Arrietty - Review
Review by Jack Foley
WHILE everyone eulogises [deservedly] about the genius of Pixar, it’s sometimes easy to overlook another masterful animation company: Studio Ghibli.
From Castle In The Sky to Spirited Away and Howl’s Moving Castle, the company founded by Hayao Miyazaki has been enchanting viewers across the globe with its beautifully constructed movies.
Its latest, Arrietty, is another lovely addition to that glittering CV. Adapted from English author Mary Norton’s The Borrowers, the film is directed by Hiromasa Yonebayashi and overseen by Miyazaki (who co-penned the screenplay).
It’s a largely faithful adaptation imbued with Japanese sensibilities but it retains a child-like wonder and an easy global appeal whether you see it in English dubbed form (when Saoirse Ronan and Mark Strong provide the voices) or in its original Japanese version.
The story has been transported to Tokyo and focuses on 14-year-old Arrietty, who lives with her parents Pod and Homily beneath the floorboards of a house. A borrower, Arrietty is also a tiny person who must keep her existence secret from the humans who occupy the upper floors.
Every once in a while, however, she accompanies her father on a scavenging mission to retrieve the unwanted scraps left behind by the humans.
After one such hunt, however, her life is thrown into disarray following the arrival of a sick 12-year-old boy who catches a glimpse of Arrietty and wants to strike up a friendship. Their ensuing relationship offers a life-changing experience for both…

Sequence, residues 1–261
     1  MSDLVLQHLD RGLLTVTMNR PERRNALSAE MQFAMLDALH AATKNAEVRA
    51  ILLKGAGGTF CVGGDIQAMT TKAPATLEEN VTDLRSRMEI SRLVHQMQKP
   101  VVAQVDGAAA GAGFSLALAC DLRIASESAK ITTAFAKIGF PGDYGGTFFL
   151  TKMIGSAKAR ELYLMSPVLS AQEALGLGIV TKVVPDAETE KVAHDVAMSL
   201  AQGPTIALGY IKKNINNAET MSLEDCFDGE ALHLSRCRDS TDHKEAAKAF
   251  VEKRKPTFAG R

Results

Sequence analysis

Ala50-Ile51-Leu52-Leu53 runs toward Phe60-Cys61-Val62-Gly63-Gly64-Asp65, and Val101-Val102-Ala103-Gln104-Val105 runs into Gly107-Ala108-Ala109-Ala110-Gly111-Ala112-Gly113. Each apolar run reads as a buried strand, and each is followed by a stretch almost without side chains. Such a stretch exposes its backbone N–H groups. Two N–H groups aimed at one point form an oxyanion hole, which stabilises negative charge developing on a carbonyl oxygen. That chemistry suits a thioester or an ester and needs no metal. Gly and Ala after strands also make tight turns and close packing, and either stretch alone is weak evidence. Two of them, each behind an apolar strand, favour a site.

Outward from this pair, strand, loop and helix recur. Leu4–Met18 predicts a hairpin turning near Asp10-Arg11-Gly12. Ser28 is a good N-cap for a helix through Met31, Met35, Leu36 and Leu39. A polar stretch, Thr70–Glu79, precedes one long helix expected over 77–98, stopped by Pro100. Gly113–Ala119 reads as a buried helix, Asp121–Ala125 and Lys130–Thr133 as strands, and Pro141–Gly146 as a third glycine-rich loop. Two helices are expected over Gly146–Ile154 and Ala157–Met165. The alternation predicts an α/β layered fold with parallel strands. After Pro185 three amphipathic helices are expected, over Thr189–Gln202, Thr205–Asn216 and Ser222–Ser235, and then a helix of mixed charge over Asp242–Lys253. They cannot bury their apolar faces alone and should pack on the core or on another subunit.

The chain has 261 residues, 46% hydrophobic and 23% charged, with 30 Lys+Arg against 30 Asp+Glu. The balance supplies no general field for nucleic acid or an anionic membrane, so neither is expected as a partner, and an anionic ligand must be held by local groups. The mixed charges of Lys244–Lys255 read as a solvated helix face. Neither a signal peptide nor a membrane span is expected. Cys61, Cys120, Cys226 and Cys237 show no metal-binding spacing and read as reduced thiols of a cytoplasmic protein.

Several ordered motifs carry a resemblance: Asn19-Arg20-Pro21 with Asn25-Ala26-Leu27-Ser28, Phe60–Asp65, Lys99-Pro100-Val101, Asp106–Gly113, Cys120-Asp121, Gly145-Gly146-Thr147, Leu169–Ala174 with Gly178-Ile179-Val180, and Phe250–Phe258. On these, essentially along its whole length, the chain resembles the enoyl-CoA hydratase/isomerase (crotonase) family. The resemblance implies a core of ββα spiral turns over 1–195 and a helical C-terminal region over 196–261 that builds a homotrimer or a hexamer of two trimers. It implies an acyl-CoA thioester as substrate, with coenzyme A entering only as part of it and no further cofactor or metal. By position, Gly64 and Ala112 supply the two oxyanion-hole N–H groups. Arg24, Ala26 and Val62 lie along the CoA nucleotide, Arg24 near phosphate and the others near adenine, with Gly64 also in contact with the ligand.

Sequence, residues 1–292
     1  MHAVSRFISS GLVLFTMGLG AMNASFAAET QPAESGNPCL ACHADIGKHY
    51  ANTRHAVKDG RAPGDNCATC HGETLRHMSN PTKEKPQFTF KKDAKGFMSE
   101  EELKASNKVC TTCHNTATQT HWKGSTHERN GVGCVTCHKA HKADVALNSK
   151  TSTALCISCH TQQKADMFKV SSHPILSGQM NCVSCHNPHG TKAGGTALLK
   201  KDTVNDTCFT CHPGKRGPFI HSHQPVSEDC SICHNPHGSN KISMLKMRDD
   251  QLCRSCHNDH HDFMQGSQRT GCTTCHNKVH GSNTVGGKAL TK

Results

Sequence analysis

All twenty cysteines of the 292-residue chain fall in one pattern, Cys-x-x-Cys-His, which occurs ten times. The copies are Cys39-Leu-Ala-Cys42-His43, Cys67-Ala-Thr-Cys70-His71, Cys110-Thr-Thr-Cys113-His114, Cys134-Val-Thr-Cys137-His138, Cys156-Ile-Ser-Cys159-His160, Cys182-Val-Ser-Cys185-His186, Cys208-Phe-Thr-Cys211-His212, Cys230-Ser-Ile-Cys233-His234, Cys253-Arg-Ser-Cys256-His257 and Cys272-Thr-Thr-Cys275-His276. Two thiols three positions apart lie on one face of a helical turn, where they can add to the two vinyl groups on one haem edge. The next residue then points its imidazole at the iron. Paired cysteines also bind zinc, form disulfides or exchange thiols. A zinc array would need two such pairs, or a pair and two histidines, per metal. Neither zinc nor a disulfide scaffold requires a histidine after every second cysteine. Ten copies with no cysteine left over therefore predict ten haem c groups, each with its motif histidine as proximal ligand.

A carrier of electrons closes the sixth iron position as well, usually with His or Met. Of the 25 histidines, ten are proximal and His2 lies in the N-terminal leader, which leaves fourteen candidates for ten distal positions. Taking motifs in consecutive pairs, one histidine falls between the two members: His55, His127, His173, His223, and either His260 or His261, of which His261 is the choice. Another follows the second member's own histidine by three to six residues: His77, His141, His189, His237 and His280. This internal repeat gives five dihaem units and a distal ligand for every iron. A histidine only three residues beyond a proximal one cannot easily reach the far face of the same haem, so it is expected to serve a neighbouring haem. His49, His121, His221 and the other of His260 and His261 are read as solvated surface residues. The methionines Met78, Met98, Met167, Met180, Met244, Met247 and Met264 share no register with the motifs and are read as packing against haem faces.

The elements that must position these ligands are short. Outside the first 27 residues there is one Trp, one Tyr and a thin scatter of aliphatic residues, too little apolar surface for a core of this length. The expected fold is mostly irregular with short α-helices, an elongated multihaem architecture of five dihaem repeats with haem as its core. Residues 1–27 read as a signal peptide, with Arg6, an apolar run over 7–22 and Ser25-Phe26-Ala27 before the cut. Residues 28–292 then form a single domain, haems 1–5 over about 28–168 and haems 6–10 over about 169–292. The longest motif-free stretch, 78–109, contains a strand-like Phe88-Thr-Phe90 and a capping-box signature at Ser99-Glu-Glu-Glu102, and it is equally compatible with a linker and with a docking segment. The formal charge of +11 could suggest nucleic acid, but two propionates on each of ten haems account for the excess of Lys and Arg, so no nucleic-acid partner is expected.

As ever, Studio Ghibli’s attention to detail is faultless, with the lush visuals providing an arresting backdrop for the complex emotions at play. It is quite simply beautiful to look at, yet heart-warming and poignant at the same time.
And, as with Pixar’s finest, this is a film that plays to adults and children alike.
Director Yonebayashi, now the youngest filmmaker on the Ghibli books, steps up to the challenges presented before him well, imbuing the film with a playful sense of adventure (highlighted during the borrowers’ daring scavenges) as well as sharply defined characters.
The various relationships between the characters are vividly realised so that the bittersweet conclusion is both touching and genuinely heartfelt, just as Norton would have envisaged.
Arrietty is therefore a highly recommended experience for viewers of every age, which quite possibly rates as the finest animated movie of the year so far.
Running time: 94mins
UK Release Date: July 29, 2011